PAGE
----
Thailand’s 2023 Election: What to Expect?

Thailand dissolved its parliament on March 20 and is set to host a general election on May 14. This election could end Prayuth-Chan-o-cha’s rule as Prime Minister. Such a contentious general election raised a question of what to expect.

Sixty-seven parties have registered to contest the election, including the ruling Phalang Pracharath Party (PPRP) and major parties such as Pheu Thai Party (PTP), Move Forward Party (MFP), Democrats Party (DP), Thai Liberal Party (TLP), Thai Sang Thai (TST), Bhumjaithai Party (BJT), and the recently founded United Thai Nation Party (UTNP) led by Prayuth.

Political parties have unveiled different policies to attract voters. Issues addressed by all political parties include the economy, higher wages, household debts, child welfare, benefits for mothers and retired people, and agricultural support funds.

Opposition parties also focus on ending compulsory military conscription, removing the military from Thai politics, and cutting military spending.

In addition to military reform, MFP, a successor of the now-dissolved Future Forward Party (FFP), appears to be alone in calling for the amendment of the lèse-majesté law, commonly known as Article 112, which since 2020 has been used to prosecute over 200 activists.  

PTP is expected to win the highest number of seats in the House of Representatives, as in previous elections. The question comes to whether it could win a landslide and whether it could form a coalition government after the election. There could be three scenarios for a coalition government.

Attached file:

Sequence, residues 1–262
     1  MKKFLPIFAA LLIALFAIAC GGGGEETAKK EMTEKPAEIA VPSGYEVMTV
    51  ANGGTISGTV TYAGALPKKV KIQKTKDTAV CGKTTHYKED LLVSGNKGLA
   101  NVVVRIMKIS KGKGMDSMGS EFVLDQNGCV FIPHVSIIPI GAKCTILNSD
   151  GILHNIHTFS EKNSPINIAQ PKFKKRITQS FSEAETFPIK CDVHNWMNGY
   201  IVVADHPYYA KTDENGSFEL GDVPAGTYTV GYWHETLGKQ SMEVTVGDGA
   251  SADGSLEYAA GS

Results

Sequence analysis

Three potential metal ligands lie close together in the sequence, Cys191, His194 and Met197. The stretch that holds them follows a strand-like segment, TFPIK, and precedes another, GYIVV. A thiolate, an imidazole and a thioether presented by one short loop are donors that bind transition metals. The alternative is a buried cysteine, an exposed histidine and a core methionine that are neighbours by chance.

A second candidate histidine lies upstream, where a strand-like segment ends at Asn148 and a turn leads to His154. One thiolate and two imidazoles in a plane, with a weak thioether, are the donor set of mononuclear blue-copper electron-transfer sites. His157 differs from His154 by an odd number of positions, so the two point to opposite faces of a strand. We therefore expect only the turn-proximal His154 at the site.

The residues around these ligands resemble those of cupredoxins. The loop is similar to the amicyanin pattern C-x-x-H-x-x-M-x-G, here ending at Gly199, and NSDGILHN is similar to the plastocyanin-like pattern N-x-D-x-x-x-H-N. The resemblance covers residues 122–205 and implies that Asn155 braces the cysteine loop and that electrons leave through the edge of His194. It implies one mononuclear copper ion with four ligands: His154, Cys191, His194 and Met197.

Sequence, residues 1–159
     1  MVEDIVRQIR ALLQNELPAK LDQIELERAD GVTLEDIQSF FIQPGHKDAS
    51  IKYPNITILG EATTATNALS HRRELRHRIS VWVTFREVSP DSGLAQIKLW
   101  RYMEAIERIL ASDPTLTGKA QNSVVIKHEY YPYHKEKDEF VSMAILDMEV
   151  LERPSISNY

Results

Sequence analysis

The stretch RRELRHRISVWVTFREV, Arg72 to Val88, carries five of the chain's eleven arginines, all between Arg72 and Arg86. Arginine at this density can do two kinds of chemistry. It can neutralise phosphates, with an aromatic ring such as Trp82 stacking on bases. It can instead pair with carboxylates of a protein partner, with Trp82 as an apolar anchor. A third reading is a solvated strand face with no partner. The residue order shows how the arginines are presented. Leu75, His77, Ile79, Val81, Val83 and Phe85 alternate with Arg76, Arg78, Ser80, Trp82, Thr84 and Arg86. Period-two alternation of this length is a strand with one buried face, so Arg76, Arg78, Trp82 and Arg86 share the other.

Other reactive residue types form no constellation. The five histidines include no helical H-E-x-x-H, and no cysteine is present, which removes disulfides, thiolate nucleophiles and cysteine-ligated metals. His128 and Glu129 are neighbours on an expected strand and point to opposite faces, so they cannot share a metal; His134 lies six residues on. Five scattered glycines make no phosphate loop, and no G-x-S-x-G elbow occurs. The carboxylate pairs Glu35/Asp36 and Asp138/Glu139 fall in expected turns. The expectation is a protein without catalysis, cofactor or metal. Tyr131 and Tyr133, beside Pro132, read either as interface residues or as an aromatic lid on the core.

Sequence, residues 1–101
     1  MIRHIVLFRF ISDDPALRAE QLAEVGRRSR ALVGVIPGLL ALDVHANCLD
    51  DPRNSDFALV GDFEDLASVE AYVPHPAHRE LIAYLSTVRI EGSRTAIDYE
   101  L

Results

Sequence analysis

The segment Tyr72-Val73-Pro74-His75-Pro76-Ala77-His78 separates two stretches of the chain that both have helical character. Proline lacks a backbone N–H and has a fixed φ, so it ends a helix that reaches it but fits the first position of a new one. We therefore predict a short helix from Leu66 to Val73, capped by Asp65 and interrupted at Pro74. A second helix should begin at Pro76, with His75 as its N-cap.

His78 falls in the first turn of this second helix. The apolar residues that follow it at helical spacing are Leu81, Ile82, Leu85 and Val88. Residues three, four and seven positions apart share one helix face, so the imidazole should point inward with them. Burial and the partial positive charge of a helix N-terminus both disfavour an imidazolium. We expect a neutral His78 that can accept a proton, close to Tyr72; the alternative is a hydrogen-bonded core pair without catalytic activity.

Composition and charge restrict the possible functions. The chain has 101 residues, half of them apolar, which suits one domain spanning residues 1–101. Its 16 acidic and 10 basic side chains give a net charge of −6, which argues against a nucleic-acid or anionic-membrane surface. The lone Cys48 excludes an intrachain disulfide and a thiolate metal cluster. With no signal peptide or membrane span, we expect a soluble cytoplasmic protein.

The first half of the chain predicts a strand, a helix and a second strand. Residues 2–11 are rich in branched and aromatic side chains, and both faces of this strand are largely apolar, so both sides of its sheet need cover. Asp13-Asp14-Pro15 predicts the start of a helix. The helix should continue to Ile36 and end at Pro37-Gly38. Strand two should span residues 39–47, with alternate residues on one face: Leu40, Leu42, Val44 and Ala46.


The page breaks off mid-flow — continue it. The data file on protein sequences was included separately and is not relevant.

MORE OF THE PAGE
First, an alliance to form a coalition government between PPRP and BJT is possible after leaders from both parties had lunch twice in March.

If PPRP and BJT with the support from DP and other small parties can form a coalition government with majority control, General Prawit, the PPRP leader, will become the next PM because he has about 250 appointed senators in his hand.

This seems unlikely due to the declining popularity of PPRP, the departure of General Prayuth to UTNP, and influential faction groups to other parties.

They could form a coalition government with minority control in the House but they would not want to risk this because they would be defeated in an immediate no-confidence vote.

Second, a new coalition government between PTP and PPRP may occur. The combined number of senators, PPRP seats, and PT seats from the 2023 election may exceed the 376-vote threshold to elect a prime minister with a majority government.

But compromise is difficult, as both parties want premiership posts. PTP may offer the PM post to General Prawit in a compromise for Thaksin’s return to Thailand without serving a prison term.

This results from much influence of General Prawit in the military, conservative camp, and among Thai elites, possibly facilitating Thaksin’s return. Any announcement of Thaksin’s return would complicate a political compromise for PTP.

Third, If PTP can secure a landslide victory of either 250 or even 310 seats, the PTP-led coalition government scenario with a new PM from PTP would be possible.

PTP may form a coalition government with TST, Seri Ruam Thai, and other small parties, if not MFP, and win the premiership without support from any senators.

Since the mandate of senators will end in May 2024, many argue that some senators would not disregard voter will and change their allegiance from General Prayuth and General Prawit to majority government PM candidate.

If so, PTP would return to power and lead the next government. Yet, even if the PTP wins the upcoming election and leads a coalition government, will they face critical resistance and survive the whole term? Or will there be another attempt to replace the PTP-led government?

In the end, after Prayuth’s nine-year premiership, Thais are expecting to have a new leader.


Soth Chhayheng is a program manager for Foreign Affairs at Konrad-Adenauer-Stiftung Cambodia. He obtained a Bachelor of Political Science from Thammasat University.

Phanna Kov is a senior student at Thammasat University, pursuing a bachelor’s degree in social policy and development.

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